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- - The REAL Truth about Silver Tip Tetra's (http://www.tropicalfishkeeping.com/characins/real-truth-about-silver-tip-tetra-87283/)
The REAL Truth about Silver Tip Tetra's
I would like to add a small school (5-7) of Silver Tip Tetra's to my aquarium.
Profiles of this species, as well as my Mom & Pop LFS (who have been around forever) suggest that the fish is very peaceful and a good community fish.
However, when I read reviews of the species many people report that they are terrors on their own kind as well as tank mates. Several reviews I've seen compared their behavior to Tiger Barbs.
I've also seen a number of You Tube Videos of the species that show some pretty hard aggression
In two different LFS the species seemed very peaceful and I did not witness any aggressive behavior.
I have a 29 Gallon Planted with a 30 inch foot print.
My current stock is Espei's and Rummy Nose with both species appearing to be very comfortable amongst each other.
Is my tank sufficient in size to add a school?
I definitely don't want a species that will chase my fish into hiding and create stress.
So what are your experiences with Silver Tip Tetra's and if you have had a bully of the school yard how did you handle it?
As I understand it, they are like the zebra danio and bloodfin tetra - very active and play rough, but do no real harm as long as they are kept in sufficient space and numbers.
So yeah, they'd def freak your rummynose out!
Environment plays a major role in fish aggression. Tank size has a lot to do with this, as well as how the tank is aquascaped, water parameters, and other fish species included. With shoaling fish, there is also the aspect of how many of the species needs to be present, and this can vary with the species.
Taking the last aspect first, shoaling fish need a group for several reasons, one of which is interaction. The species may have specific social behaviours, a pecking order, dominant/submissive roles, etc. Recent studies have proven beyond doubt that when shoaling fish are maintained in too small a group (one study used five as the absolute minimum) aggression is almost certain to occur. Normally-aggressive species heighten their aggressive tendencies, while normally peaceful species can become nippy and more like bullies not only to their own but other species as well. Think of this as the fish's means of responding to what it finds intolerable; it simply "lashes out" out of frustration. Sometimes it may respond the opposite--by withdrawing so much that it simply wastes away.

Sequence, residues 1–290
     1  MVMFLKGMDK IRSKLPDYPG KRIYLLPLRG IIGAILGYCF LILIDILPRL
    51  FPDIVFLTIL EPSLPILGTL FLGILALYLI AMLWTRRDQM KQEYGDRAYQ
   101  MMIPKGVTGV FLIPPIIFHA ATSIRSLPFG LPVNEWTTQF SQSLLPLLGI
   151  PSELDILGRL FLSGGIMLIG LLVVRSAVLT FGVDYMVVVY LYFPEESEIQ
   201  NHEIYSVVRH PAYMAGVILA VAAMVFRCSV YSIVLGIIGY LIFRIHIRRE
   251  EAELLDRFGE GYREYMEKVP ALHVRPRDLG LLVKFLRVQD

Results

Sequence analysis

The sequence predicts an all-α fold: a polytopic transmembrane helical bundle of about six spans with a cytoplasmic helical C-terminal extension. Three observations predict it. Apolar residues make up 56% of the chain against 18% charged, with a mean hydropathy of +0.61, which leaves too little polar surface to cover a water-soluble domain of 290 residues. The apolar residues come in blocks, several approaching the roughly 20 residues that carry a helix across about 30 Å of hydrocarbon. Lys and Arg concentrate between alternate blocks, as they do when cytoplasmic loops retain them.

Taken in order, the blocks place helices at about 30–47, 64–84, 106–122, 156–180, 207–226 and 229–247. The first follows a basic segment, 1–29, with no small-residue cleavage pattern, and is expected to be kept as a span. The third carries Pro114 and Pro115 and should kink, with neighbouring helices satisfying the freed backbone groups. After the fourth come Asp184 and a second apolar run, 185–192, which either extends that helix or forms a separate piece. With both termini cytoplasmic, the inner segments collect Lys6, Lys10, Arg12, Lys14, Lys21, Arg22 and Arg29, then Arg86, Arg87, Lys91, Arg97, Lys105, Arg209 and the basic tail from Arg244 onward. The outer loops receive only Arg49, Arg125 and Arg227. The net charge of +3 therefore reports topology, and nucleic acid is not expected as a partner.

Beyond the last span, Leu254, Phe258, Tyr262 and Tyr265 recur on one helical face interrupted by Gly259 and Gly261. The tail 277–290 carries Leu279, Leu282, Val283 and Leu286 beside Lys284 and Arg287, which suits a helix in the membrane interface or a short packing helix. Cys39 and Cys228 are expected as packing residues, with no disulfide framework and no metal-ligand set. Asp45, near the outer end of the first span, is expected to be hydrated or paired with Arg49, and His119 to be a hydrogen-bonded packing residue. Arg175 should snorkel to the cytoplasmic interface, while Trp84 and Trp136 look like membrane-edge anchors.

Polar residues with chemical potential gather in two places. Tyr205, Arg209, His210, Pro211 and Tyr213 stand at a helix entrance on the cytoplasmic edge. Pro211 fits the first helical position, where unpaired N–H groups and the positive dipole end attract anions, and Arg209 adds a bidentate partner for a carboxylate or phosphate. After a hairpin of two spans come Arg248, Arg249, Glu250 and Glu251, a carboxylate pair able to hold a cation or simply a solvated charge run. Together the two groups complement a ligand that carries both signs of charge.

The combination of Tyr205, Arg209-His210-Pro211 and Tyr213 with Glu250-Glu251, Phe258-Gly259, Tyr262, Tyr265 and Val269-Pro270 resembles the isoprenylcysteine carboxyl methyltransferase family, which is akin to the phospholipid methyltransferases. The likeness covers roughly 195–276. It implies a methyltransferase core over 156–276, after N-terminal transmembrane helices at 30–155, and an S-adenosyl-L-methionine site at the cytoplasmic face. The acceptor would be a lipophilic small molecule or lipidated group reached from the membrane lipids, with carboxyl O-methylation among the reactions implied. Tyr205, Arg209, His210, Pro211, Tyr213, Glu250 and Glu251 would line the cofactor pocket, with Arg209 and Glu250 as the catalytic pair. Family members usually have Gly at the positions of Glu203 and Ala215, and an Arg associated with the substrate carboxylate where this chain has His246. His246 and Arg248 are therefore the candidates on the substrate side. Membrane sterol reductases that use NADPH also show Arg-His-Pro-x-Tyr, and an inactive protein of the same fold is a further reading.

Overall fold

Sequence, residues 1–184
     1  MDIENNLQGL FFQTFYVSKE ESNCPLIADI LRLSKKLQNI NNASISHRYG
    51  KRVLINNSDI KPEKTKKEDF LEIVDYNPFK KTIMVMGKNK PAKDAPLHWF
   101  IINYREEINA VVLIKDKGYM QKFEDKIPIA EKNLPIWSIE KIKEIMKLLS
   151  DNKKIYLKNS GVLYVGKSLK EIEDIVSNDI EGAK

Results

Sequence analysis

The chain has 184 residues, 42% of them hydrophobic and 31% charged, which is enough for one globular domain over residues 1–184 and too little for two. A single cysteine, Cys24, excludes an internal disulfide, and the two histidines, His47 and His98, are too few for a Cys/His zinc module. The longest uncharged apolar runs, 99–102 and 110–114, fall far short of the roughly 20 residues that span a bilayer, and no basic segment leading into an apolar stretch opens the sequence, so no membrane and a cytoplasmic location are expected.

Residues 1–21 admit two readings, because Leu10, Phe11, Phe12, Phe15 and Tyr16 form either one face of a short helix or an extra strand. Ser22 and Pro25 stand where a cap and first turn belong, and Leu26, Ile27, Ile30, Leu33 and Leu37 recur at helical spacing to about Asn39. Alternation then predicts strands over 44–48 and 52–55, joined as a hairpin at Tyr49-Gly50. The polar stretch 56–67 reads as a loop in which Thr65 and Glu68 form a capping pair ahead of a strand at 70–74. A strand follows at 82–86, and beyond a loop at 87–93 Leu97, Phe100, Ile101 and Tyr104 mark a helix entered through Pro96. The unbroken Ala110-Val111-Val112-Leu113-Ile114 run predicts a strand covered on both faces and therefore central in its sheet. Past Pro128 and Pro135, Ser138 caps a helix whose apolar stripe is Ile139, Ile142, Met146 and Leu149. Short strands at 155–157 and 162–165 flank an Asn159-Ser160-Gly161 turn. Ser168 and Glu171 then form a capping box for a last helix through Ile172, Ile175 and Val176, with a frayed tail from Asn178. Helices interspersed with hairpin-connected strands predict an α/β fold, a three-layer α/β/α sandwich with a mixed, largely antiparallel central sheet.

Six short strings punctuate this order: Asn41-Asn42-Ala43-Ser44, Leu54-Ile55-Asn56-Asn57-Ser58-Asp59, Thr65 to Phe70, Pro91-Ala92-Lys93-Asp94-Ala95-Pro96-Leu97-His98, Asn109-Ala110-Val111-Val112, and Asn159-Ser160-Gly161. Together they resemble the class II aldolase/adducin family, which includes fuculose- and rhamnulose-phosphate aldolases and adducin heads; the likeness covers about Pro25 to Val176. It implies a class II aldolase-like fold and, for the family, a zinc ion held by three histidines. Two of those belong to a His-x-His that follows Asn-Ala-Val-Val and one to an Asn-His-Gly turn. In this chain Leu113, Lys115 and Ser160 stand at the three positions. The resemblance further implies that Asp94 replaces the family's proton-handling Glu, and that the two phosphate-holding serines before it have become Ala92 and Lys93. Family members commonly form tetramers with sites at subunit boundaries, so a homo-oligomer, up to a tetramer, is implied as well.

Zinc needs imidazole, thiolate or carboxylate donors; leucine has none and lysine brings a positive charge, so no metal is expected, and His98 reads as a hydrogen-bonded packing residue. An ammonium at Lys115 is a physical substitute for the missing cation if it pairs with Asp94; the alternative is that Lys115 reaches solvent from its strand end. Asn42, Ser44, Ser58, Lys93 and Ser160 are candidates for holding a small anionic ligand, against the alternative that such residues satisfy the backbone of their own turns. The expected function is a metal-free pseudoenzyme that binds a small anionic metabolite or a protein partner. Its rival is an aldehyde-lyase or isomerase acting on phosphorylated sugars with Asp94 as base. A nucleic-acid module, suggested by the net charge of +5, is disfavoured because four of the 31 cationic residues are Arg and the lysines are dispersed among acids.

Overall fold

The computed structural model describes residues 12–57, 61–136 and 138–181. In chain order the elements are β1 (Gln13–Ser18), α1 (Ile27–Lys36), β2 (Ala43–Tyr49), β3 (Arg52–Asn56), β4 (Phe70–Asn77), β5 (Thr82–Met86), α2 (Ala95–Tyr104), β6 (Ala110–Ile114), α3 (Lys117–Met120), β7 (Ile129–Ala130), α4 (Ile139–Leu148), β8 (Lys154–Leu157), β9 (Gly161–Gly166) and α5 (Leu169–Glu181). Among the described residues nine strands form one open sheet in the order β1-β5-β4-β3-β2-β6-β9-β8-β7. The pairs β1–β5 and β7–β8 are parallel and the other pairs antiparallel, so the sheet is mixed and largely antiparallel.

To the environment issue. The same increased aggressive behaviours were observed when fish were kept in too small a space. Bare tanks also bring out aggression. Inappropriate water parameters (temperature, pH and hardness) can also affect aggression. And having the wrong fish as tankmates--putting a fish like a Serpae Tetra with inherent nipping tendencies in a tank with angelfish is only asking for trouble because the slow sedate angelfish with its trailing fins is too much of a temptation.
Howard Goldstein authored an article in the December TFH entitled Community Fish Cautions. He lists several frequently-seen and so-called "community fish" that can create havoc. But he makes a very valid point first up: "It's Not the Fish; It's the Tank. These fish are not difficult to keep. Their required conditions are not hard to create and maintain, but they must be met."
To return to your Silvertip Tetra. A group of 8 or more in a spacious tank at least 3 feet in length with lots of plants for cover but also space to swim lengthwise and with a slight current from the filter will likely be model citizens. Put the same fish in a 20g high and they may nip each other repeatedly. This is applicable to many species.
A last word on what one perceives in fish store tanks. This cannot always--in truth, rarely should--be taken as indicative of the fish's behaviour or compatibility. What appears on the surface to "work" in the store tank may in fact be so harmful to the fish that they are irreparably weakened. Over-crowding a species sometimes stresses the fish so much that they behave just the opposite. They are being forced into a situation that is not to their liking, and cannot respond normally. Place them in the proper environment at home, and the normal tendencies will return, sometimes. Sometimes the stress may be so great that the fish is permanently disabled, so to speak. And this works both ways; peaceful fish may become aggressive, whereas mildly-aggressive may be so docile they waste away.
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